More than 1,600 people have been rescued across the state, according to the Florida Emergency Management Agency.
In rural Seminole County, north of Orlando, residents donned waders, boots and bug spray to paddle to their flooded homes Sunday.
Ben Bertat found 4 inches (10 centimeters) of water in his house on Lake Harney after kayaking there.
“I think it’s going to get worse because all this water is going to the lake,” Bertat said, pointing to the water flooding a nearby road. “With soil saturation, this whole swamp is full and it just can’t hold any more water. It doesn’t look like it’s going to get any lower.”
Gabriel Madling kayaked through several meters of water on his street and delivered sandbags to ward off water that had crept up to his doorstep.
“My home is close to underwater,” Madling said. “Right now I’m just going to sandbag as much as I can and hope and pray.”
The National Guard and Coast Guard flew helicopters to Florida’s barrier islands to rescue people. On Sanibel Island, the lone bridge to the crescent-shaped island collapsed, cutting off car access for its 6,300 residents.
An aerial photo of the Mad Hatter Restaurant on Sanibel posted on social media shows a largely empty stretch of sand where the restaurant used to be.
“The Mad Hatter Restaurant is unfortunately out at sea right now,” the restaurant’s Facebook page says, adding that staff are all safe. “The best news from this devastating scene is that there is still land for us to rebuild.”
DeSantis said the state will begin building a temporary structure this week to restore vehicle access to Pine Island, the largest of Southwest Florida’s barrier islands destroyed by the storm.
“It’s not going to be a full bridge, you’re going to have to drive over it probably at 5 miles an hour or something, but at least it’s going to let people get in and out of the island with their vehicles,” DeSantis said.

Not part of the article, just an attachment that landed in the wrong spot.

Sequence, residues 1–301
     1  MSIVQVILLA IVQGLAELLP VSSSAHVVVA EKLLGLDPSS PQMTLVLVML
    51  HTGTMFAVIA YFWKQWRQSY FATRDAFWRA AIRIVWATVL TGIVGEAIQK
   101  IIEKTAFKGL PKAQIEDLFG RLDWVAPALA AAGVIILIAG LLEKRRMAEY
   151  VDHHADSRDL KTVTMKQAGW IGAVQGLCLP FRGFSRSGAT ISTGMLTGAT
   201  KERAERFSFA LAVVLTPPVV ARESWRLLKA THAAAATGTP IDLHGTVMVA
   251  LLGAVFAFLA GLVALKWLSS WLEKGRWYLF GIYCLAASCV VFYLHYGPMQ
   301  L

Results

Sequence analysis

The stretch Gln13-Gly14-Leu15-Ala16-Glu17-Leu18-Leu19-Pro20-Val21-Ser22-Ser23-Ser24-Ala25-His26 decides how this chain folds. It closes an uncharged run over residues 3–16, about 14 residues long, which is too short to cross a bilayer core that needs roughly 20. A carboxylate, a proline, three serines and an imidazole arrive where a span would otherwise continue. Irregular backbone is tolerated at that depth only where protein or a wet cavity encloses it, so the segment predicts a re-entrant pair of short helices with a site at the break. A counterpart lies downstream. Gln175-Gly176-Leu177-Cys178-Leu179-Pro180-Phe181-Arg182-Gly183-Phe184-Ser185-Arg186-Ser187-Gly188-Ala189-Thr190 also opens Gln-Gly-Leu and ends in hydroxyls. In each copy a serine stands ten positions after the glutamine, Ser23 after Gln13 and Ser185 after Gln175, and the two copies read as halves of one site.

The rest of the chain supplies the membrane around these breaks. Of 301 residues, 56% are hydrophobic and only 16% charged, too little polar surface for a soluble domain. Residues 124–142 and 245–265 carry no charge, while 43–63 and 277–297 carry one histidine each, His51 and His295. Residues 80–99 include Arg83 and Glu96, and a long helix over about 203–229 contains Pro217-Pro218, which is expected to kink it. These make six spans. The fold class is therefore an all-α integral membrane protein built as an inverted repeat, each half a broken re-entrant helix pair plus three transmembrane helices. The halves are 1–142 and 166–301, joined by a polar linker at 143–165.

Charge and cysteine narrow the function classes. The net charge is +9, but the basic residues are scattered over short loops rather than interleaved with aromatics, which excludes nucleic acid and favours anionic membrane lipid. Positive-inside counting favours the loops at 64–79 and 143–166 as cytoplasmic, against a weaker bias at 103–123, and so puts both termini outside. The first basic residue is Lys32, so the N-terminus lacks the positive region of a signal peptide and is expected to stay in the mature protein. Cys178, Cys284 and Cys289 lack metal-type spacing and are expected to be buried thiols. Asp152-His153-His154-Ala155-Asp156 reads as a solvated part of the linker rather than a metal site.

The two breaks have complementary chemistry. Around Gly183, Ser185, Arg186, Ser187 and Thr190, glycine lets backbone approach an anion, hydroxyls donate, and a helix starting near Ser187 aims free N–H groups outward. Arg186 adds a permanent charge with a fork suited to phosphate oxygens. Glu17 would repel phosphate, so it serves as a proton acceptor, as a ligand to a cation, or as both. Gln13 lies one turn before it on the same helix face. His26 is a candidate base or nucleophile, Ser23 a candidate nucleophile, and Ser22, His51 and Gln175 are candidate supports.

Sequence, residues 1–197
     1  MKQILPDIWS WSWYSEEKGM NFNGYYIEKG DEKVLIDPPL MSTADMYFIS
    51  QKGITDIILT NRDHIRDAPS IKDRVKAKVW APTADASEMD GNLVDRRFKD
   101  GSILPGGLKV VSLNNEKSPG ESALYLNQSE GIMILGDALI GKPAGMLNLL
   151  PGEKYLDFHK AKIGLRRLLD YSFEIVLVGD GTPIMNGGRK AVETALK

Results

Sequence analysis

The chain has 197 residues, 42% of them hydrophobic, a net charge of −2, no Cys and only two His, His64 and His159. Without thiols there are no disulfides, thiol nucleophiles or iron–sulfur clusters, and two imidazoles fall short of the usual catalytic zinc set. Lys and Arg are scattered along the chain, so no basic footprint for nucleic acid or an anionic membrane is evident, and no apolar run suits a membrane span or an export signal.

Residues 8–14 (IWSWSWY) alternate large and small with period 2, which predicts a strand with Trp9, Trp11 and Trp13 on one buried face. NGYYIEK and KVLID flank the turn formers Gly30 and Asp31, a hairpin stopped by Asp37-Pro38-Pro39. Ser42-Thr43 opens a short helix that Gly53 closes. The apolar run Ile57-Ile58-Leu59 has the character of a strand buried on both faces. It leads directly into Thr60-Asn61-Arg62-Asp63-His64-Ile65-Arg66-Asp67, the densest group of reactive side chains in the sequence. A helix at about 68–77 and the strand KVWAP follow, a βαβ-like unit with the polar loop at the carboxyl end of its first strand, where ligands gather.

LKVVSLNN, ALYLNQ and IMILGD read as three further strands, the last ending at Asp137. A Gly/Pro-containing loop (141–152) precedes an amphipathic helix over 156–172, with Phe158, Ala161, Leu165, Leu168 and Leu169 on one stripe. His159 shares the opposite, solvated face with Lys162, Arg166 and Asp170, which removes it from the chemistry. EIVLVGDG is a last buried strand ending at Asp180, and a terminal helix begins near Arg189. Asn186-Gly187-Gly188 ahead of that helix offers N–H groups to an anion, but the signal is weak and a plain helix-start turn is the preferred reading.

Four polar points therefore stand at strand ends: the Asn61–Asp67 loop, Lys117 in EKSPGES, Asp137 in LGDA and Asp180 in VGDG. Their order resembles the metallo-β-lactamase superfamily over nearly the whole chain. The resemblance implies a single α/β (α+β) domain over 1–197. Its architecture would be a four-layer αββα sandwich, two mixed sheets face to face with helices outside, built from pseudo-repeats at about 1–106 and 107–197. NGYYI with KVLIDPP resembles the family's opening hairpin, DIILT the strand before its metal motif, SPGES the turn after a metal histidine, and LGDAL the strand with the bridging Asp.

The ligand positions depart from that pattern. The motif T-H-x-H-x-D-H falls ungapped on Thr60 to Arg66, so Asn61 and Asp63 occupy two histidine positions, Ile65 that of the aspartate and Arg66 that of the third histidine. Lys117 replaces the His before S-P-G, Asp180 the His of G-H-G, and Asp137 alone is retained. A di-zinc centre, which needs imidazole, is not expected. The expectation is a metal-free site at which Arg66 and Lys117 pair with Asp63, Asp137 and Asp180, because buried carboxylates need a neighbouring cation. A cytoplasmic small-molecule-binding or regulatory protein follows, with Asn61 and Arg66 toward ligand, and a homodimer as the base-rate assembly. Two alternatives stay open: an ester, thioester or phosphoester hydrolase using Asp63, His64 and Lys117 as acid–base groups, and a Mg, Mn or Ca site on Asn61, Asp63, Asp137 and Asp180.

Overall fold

Fort Myers Mayor Kevin Anderson on Sunday defended Lee County officials from accusations that they had been slow to order evacuations Tuesday ahead of the storm, a day later than some other counties in the area.
“Hurricane season warnings start in June. So there’s a certain level of personal responsibility here. I think the municipality did the right thing. The thing is, a certain percentage of people won’t listen to the warnings regardless,” Anderson said on CBS- the show “Face the Nation.”
In North Carolina, the storm brought down trees and power lines. Two of the four deaths in the state were from storm-related vehicle crashes, and the others involved a man who drowned when his truck crashed into a swamp and another was killed by carbon monoxide poisoning from a generator in a garage.
Associated Press reporters Rebecca Santana in Ft. Myers; Brendan Farrington and Anthony Izaguirre in Tallahassee; David Fischer in Miami; Sarah Rankin in Richmond, Va.; and Richard Lardner in Washington contributed to this report.
For more AP coverage of Hurricane Ian: https://apnews.com/hub/hurricanes